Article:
You can see why the issue would pose problems for the right. First, it threatens the self-image they've developed over the last year as opponents of the government-business nexus. Second, it's difficult to work out a free market response...Either way, government has to get involved at some step in the process. It almost seems like conservatives can't choose which form of government intervention to accept, so many of them just aren't choosing.I think this misunderstands the goals and incentives of what Ross Douthat has been dismissing as conservative "entertainment." Chait, and I think most liberal bloggers, aren't entertainers, certainly not primarily so. They are advocates for a particular type of politics and government. As such, they are interested in public policy issues because they believe those issues are important to the well-being of the nation. For entertainers, however, interest in an issue is going to be driven by the market, and the conservative market isn't apt to be interested in regulating (or not regulating) banks; it's interested in guns, and abortion, and religion, and various other hot-button issues. Health care mapped pretty well onto those issues; financial regulation, much less so. So it's not so much that there's no coherent position that conservatives could take; it's that the types of people who listen to Rush, watch Beck, and read NRO just aren't interested in this sort of thing. And we're talking about entertainers who may not know much about public policy, but give every indication of knowing their audience extremely well.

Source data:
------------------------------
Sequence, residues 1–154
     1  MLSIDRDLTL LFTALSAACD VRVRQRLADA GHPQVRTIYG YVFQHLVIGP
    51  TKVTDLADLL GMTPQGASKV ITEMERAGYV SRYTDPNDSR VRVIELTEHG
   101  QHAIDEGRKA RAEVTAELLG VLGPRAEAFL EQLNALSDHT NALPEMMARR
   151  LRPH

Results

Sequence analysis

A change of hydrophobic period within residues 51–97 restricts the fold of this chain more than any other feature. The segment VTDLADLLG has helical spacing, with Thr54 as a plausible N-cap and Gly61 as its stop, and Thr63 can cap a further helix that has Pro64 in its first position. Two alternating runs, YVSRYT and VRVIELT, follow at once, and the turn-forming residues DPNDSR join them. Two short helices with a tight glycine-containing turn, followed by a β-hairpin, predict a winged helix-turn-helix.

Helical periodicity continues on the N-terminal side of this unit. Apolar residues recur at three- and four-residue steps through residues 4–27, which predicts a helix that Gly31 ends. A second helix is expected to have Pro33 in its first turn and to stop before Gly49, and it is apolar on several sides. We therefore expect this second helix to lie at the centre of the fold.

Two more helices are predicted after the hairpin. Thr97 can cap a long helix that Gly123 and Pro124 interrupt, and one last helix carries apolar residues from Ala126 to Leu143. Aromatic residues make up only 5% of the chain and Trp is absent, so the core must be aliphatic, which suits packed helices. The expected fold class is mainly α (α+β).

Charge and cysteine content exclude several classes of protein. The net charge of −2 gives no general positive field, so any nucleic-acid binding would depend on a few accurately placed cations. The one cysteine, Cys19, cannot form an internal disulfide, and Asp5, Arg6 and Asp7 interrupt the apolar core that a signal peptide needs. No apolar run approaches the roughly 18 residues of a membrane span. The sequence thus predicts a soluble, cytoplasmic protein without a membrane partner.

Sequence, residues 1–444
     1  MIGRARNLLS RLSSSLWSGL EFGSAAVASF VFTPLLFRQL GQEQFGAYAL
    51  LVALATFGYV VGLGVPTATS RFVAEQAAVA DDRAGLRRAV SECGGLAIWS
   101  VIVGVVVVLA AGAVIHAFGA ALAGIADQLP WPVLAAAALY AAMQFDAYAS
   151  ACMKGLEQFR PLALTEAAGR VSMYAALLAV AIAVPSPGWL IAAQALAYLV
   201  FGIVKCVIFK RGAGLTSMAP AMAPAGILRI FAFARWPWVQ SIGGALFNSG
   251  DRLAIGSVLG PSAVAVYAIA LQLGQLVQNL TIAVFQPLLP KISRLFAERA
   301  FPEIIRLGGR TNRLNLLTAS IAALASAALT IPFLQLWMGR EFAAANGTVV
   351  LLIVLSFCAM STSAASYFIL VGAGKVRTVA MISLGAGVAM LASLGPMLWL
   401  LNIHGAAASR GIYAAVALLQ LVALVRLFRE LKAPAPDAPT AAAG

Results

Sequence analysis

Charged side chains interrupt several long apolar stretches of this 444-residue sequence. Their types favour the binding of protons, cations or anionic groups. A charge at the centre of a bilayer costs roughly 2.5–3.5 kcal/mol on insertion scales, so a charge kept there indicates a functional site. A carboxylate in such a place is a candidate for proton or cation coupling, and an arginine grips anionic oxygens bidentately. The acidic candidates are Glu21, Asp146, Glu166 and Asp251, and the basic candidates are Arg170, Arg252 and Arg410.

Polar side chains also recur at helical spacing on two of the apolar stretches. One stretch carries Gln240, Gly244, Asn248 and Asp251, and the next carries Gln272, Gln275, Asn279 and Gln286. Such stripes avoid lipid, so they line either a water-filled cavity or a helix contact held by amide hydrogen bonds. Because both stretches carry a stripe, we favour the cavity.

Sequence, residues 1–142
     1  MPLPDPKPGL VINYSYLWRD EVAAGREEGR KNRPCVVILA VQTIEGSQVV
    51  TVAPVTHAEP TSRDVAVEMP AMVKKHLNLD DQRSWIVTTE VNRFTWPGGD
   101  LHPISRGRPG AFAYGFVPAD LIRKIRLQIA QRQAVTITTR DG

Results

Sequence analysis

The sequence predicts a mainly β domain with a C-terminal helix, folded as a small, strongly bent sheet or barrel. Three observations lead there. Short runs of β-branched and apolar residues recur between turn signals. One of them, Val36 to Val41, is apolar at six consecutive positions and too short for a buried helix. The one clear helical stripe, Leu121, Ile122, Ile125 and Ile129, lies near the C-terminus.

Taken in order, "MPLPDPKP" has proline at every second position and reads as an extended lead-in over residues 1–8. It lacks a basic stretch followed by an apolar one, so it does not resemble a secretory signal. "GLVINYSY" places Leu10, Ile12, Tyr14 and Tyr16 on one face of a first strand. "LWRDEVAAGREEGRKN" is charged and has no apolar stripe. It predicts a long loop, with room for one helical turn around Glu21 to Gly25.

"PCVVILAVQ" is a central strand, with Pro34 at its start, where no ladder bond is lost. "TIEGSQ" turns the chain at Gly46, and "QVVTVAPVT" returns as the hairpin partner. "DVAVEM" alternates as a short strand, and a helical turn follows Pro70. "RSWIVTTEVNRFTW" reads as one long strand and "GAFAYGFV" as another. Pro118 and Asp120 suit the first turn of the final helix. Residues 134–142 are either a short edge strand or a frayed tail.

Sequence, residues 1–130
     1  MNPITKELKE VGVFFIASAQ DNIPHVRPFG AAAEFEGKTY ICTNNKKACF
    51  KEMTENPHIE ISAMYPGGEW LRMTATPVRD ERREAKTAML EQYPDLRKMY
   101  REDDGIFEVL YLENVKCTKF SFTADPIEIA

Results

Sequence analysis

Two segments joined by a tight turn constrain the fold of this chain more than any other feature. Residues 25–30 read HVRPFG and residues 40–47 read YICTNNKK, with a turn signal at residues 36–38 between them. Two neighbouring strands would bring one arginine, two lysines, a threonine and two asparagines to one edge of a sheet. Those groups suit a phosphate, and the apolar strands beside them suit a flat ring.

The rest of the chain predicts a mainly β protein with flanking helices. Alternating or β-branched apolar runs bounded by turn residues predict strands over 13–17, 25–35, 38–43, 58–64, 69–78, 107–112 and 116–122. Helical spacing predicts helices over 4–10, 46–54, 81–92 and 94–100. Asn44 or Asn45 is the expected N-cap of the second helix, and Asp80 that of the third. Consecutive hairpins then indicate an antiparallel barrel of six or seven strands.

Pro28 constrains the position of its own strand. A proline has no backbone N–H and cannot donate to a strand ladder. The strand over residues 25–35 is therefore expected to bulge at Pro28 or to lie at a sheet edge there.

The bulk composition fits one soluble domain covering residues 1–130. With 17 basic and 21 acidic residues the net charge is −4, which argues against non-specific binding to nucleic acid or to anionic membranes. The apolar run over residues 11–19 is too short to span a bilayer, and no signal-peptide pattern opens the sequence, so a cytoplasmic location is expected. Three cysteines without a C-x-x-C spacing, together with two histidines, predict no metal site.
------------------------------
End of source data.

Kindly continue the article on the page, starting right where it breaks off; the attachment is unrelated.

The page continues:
The other side of this, however, and where Douthat's classification runs into trouble, is that on the conservative side the "entertainers" are far more prominent than anyone else, and certainly far more prominent than what he calls "the elite world of pundits and intellectuals." In other words, what Rush and company talk about -- which is driven by what drives ratings and sells books -- then becomes the only thing that conservatives talk about. Moreover, as far as anyone can tell, there's just a lot of money to be had by being a conservative entertainer, which creates strong pressures on talented conservatives to be more Levin than Manzi, more Coulter than Friedersdorf, more Beck than Larison. And that leaves people such as Manzi or Larison or Bartlett or even Frum marginalized by people such as Lopez or McCarthy.
So it's a bit disingenuous for Ross Douthat to say that Mark Levin's book is just entertainment. He's correct...except that it's entertainment that's driving the party, entertainment that makes it hard for Republicans in Congress to acknowledge widely-understood facts about climate change, entertainment that drives the conservative conversation so that if there's no market, there's no conversation. And that, rather than the more general unpopularity of their position, is why there's little conservative talk about the banking bill: there just aren't enough abortions, guns, and gays involved.